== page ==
U.S. Leading Economic Indicators Decline Further in October
- Leading Index continues to portend economic downturn.
- Stability in Coincident Index follows three months of increase.
- Lagging Index increase suggests rising economic excess.
The U.S. Leading Economic Index fell 0.8% during October following an unrevised 0.7% September decline and 0.4% August drop, according to The Conference Board. It was the largest decline in six months. A 0.6% weakening had been expected in the Action Economics Forecast Survey. The index has declined in each month since April 2022 and stood at the lowest level since May 2020. On a six-month basis, the index declined 6.4%, less than its biggest decline of 9.0% in December of last year.
Seven of the ten index components made negative contributions to the overall index in October, led by the ISM new orders index, lower stock prices, weakened consumer expectations for business /economic conditions & an inverted yield curve. More claims for unemployment insurance, the interest rate spread between the 10-year Treasury bond & Fed funds and the leading credit index had modest negative effects on the total. The length of the average workweek and nondefense capital goods orders excluding aircraft had no effect on the index’s change last month while new orders for consumer goods had a negligible positive effect on the index change.
The Coincident Economic Index held steady in October after rising 0.2% in September, revised from 0.3%, and an unrevised 0.1% August uptick. Six-month growth in the index eased slightly to 1.8% from 2.0%, though these growth rates are increased from earlier in the year. Three of the four component series made positive contributions in October including payroll employment, personal income less transfers and manufacturing & trade sales. Industrial production contributed negatively.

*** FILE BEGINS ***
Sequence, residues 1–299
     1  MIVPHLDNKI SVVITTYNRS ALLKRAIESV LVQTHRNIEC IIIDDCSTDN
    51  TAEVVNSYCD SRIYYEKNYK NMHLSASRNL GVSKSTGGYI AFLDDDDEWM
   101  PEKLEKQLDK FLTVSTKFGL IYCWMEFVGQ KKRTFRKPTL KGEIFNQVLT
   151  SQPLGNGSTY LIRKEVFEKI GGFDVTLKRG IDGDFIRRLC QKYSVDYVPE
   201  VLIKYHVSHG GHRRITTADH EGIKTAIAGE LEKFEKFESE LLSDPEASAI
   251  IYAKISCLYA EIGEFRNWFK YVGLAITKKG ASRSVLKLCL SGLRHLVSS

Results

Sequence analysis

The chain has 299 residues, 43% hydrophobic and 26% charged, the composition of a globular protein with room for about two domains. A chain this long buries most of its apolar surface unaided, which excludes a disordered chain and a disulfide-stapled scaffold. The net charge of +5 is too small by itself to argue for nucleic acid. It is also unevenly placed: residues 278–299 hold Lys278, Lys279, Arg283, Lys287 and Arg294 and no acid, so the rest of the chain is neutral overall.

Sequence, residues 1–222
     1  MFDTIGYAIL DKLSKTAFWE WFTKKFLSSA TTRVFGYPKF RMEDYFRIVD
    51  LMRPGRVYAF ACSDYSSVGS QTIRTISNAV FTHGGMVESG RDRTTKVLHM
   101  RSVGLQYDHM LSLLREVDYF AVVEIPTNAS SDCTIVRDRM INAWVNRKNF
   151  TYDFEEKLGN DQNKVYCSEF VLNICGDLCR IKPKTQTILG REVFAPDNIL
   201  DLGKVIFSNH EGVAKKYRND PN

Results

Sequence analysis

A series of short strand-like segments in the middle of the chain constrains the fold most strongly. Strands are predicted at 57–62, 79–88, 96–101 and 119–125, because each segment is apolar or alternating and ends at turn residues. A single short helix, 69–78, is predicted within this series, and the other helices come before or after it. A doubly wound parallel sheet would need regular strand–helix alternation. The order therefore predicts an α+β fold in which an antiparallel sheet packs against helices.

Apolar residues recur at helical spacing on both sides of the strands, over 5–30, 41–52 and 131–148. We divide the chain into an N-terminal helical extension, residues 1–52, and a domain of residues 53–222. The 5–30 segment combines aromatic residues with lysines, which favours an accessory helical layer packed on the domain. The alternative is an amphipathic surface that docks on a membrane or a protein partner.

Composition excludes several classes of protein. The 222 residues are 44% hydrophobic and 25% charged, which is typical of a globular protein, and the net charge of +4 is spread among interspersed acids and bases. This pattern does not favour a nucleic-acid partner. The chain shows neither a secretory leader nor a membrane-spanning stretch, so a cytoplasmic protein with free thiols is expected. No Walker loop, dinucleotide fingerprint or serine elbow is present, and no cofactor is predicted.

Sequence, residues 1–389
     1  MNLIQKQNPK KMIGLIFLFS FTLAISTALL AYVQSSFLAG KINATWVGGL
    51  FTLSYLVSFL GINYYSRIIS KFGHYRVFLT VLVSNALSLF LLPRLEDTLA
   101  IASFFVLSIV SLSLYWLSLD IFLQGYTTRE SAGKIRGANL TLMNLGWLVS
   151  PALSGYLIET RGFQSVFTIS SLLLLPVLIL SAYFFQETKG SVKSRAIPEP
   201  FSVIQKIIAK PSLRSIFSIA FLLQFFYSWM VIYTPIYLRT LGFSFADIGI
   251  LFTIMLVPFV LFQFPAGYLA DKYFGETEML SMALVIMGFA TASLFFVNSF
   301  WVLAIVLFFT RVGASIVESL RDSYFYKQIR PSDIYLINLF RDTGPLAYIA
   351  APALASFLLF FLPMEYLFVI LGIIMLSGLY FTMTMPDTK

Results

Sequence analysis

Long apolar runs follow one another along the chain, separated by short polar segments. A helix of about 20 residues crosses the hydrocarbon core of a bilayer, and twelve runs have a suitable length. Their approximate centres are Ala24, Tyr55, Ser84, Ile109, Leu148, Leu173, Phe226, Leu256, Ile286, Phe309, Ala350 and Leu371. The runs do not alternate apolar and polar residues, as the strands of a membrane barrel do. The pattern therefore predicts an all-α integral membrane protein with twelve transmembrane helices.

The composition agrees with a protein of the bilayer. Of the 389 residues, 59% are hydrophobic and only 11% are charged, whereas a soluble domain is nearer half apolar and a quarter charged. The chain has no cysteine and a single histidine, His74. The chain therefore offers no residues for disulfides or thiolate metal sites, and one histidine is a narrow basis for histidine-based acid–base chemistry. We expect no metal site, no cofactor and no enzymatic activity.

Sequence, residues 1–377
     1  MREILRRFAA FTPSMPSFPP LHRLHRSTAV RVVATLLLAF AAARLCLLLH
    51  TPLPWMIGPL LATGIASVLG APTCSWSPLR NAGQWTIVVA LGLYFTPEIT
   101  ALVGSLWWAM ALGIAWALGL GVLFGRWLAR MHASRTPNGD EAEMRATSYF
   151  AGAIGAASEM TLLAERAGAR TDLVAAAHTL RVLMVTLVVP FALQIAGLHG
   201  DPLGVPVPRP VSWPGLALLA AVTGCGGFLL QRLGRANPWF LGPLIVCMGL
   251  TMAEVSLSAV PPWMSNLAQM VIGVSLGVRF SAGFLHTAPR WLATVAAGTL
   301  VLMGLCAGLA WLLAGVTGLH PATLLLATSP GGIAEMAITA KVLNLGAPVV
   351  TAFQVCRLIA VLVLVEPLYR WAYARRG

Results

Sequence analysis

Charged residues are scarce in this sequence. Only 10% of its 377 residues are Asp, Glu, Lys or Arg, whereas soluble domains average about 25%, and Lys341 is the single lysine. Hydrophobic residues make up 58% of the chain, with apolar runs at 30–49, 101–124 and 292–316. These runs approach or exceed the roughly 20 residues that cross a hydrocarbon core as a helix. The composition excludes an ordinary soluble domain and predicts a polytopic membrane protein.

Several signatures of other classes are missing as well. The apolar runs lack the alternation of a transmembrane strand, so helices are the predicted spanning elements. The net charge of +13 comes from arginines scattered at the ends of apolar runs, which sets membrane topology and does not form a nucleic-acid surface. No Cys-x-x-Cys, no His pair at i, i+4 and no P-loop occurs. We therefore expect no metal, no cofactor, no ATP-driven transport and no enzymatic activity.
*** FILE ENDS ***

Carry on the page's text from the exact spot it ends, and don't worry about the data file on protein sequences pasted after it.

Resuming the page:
The Lagging Economic Index rose 0.1% last month, the same as in September which was revised from 0.2%. Six-month growth rose to 0.5%, its quickest since February. Three of the index’s seven components made positive contributions in October, while two made negative contributions. Two were unchanged. Of the components, slower labor cost growth was offset by faster growth in the services CPI. This index has been fairly steady since March.
The ratio of the coincident index to the lagging index is also viewed as a leading indicator as it measures excesses in the economy versus its actual performance. This measure eased 0.1% last month and has been little changed over the last three months. It had been rising modestly since December.
The Conference Board figures are available in Haver's BCI database; the components are available there, and most are also in USECON. The expectations are in the AS1REPNA database. Visit the Conference Board's website for coverage of leading indicator series from around the world.
Tom MoellerAuthorMore in Author Profile »
Prior to joining Haver Analytics in 2000, Mr. Moeller worked as the Economist at Chancellor Capital Management from 1985 to 1999. There, he developed comprehensive economic forecasts and interpreted economic data for equity and fixed income portfolio managers. Also at Chancellor, Mr. Moeller worked as an equity analyst and was responsible for researching and rating companies in the economically sensitive automobile and housing industries for investment in Chancellor’s equity portfolio. Prior to joining Chancellor, Mr. Moeller was an Economist at Citibank from 1979 to 1984. He also analyzed pricing behavior in the metals industry for the Council on Wage and Price Stability in Washington, D.C. In 1999, Mr. Moeller received the award for most accurate forecast from the Forecasters' Club of New York. From 1990 to 1992 he was President of the New York Association for Business Economists. Mr. Moeller earned an M.B.A. in Finance from Fordham University, where he graduated in 1987. He holds a Bachelor of Arts in Economics from George Washington University.